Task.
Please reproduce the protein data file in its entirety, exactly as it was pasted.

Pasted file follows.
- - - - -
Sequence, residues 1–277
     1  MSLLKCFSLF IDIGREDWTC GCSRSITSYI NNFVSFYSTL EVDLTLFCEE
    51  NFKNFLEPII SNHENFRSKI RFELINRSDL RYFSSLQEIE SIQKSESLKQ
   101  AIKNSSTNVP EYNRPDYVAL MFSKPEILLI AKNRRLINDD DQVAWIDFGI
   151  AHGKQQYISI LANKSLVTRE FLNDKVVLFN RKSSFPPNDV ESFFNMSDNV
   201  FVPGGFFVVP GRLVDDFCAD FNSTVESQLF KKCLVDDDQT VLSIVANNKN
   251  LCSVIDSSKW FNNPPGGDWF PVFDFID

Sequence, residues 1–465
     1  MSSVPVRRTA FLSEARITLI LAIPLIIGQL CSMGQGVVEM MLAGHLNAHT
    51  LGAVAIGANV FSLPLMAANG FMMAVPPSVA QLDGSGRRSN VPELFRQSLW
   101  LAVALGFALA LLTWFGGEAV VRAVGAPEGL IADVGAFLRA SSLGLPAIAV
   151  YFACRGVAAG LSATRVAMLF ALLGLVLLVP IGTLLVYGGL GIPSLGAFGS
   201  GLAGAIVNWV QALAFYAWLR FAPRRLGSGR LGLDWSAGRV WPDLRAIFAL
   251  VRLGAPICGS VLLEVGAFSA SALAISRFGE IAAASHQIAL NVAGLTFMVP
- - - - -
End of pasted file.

Sequence, residues 1–277
     1  MSLLKCFSLF IDIGREDWTC GCSRSITSYI NNFVSFYSTL EVDLTLFCEE
    51  NFKNFLEPII SNHENFRSKI RFELINRSDL RYFSSLQEIE SIQKSESLKQ
   101  AIKNSSTNVP EYNRPDYVAL MFSKPEILLI AKNRRLINDD DQVAWIDFGI
   151  AHGKQQYISI LANKSLVTRE FLNDKVVLFN RKSSFPPNDV ESFFNMSDNV
   201  FVPGGFFVVP GRLVDDFCAD FNSTVESQLF KKCLVDDDQT VLSIVANNKN
   251  LCSVIDSSKW FNNPPGGDWF PVFDFID

Sequence, residues 1–465
     1  MSSVPVRRTA FLSEARITLI LAIPLIIGQL CSMGQGVVEM MLAGHLNAHT
    51  LGAVAIGANV FSLPLMAANG FMMAVPPSVA QLDGSGRRSN VPELFRQSLW
   101  LAVALGFALA LLTWFGGEAV VRAVGAPEGL IADVGAFLRA SSLGLPAIAV
   151  YFACRGVAAG LSATRVAMLF ALLGLVLLVP IGTLLVYGGL GIPSLGAFGS
   201  GLAGAIVNWV QALAFYAWLR FAPRRLGSGR LGLDWSAGRV WPDLRAIFAL
   251  VRLGAPICGS VLLEVGAFSA SALAISRFGE IAAASHQIAL NVAGLTFMVP